• It also contains ‘supplementary payments’ protection at no extra cost (if you chose to accept the liability coverage on the policy). ‘Supplementary payments’ means that you also get:
o Bonds paid with no limit (except up to $250 for bail bonds);
o First aid expenses at the scene of an accident with no limit;
o Interest gained on judgments against you (also with no limit);
o A ‘loss of earnings’ feature to pay you up to $200 per day to assist in defending yourself or investigating a claim;
o Expenses incurred at the request of the insurance company (such as expert witnesses, special investigators, etc that are used when defending you against a claim), and most importantly;
• It covers defense (legal) and investigation costs (with no limit)
In addition, a dwelling policy protects your property against loss arising from any of the ‘covered perils’ listed in the policy such as wind, hail, fire, vandalism and malicious mischief, theft, and several more up to the coverage limit that you choose.
In order to be considered eligible for this type of policy, a property must be only one to four units (SFR to fourplex) and, if a mobile or manufactured home, it must be tied down or permanently affixed by means of having the wheels removed and the tongue cut off.
Again, speaking in general terms about what a dwelling policy covers in regards to property loss, the following bullets are a few standard coverages that are usually included as default amounts in the policy; although each may be increased or changed by adding and endorsement and paying a slightly higher premium:
• ’Other Structures‘ such as sheds, workshops, and detached garages are usually limited to 10% of the coverage that you have on the primary dwelling;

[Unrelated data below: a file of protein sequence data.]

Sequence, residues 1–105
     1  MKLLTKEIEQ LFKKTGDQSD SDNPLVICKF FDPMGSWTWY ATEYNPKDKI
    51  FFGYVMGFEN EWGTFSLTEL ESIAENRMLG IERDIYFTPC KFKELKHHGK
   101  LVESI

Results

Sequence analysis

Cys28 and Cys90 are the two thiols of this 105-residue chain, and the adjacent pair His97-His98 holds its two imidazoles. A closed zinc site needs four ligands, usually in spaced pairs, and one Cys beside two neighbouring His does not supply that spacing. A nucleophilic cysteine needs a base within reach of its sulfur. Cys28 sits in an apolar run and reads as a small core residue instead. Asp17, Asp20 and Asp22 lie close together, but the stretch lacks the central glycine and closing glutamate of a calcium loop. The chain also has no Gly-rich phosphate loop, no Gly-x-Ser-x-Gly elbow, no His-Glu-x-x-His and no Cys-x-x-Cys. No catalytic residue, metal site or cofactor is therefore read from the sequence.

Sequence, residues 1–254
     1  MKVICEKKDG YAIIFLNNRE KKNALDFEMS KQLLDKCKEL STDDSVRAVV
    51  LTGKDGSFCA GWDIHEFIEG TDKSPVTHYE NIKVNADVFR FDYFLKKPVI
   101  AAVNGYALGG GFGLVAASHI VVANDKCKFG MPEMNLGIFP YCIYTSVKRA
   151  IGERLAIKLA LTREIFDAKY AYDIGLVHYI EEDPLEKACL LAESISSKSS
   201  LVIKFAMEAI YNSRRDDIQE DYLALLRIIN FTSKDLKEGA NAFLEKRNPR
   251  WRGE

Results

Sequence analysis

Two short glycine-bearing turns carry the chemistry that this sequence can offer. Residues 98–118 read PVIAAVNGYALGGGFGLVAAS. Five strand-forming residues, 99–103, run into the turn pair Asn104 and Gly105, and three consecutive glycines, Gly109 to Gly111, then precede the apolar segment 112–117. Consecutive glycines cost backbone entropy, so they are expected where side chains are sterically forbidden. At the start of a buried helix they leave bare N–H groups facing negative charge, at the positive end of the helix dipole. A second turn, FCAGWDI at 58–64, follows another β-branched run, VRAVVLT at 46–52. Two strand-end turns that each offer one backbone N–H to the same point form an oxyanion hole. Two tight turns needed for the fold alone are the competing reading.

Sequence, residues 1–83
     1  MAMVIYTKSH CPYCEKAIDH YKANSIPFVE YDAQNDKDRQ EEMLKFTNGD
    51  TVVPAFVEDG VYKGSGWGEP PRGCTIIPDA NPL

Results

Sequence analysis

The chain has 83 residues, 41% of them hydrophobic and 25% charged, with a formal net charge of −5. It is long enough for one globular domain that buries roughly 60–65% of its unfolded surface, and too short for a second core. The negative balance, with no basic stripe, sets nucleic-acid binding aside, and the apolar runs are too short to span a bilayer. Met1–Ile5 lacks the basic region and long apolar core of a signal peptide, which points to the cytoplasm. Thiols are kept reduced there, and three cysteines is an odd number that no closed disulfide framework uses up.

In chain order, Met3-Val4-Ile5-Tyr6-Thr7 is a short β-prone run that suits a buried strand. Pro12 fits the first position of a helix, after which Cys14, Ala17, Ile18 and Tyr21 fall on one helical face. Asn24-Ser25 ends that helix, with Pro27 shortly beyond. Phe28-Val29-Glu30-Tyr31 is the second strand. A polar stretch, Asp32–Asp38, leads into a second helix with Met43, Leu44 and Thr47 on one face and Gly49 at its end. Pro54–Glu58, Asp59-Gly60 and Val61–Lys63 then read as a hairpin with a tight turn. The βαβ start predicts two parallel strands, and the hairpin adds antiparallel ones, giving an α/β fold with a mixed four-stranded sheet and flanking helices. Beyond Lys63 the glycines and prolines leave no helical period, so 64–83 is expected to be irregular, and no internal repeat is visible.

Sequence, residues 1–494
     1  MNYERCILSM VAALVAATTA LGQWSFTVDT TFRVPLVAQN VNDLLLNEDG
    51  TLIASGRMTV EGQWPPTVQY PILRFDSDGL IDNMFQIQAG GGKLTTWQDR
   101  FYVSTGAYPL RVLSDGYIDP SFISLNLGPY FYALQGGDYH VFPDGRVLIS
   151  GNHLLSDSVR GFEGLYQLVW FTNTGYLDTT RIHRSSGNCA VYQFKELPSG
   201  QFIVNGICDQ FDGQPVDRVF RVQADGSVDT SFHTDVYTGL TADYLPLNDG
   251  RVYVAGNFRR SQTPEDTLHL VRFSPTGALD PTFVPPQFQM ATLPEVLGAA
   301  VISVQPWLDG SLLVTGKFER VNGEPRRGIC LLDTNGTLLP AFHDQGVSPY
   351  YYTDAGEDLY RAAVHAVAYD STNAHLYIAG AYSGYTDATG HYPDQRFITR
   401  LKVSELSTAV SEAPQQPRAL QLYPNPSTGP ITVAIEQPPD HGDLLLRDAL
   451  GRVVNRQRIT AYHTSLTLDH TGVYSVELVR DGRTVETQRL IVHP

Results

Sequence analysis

• Personal Property (such as appliances) is also limited to 50% of the limited to 10% of the coverage that you have on the primary dwelling;
• Fair Rental Value (used to reimburse lost rental revenue) is limited to 10% of the coverage that you have on the primary dwelling;
• Loss of Use (used to cover additional living expenses required to allow the household to maintain their normal standard of living) is limited to 20% of the coverage that you have on the primary dwelling.
In summary, you get what you pay for and you need to make sure that you get what you need. The world of property insurance is very confusing and full of misunderstanding due to the many endorsements, exclusions, risks, perils, and other insurance-related terms that are contained within whatever policy your purchase. This is compounded by the fact that so many consumers have been trained to only look at the ‘bottom-line’ premium as opposed to the actual coverage and protection that they are paying for. In addition, people rely on professional agents to provide them with adequate coverage for their own situation, unfortunately however, many agents act as nothing more than licensed over-the-phone order takers less concerned with their customer’s actual needs than they are selling another policy and making their monthly production quota. If your agent has no real-world experience as an investor or business owner and he either cannot or will not sit down with you and explain, in detail, how you are protected against loss (and how you’re not), then you may consider seeking out a professional agent who will work with you so that your best interests are always considered first.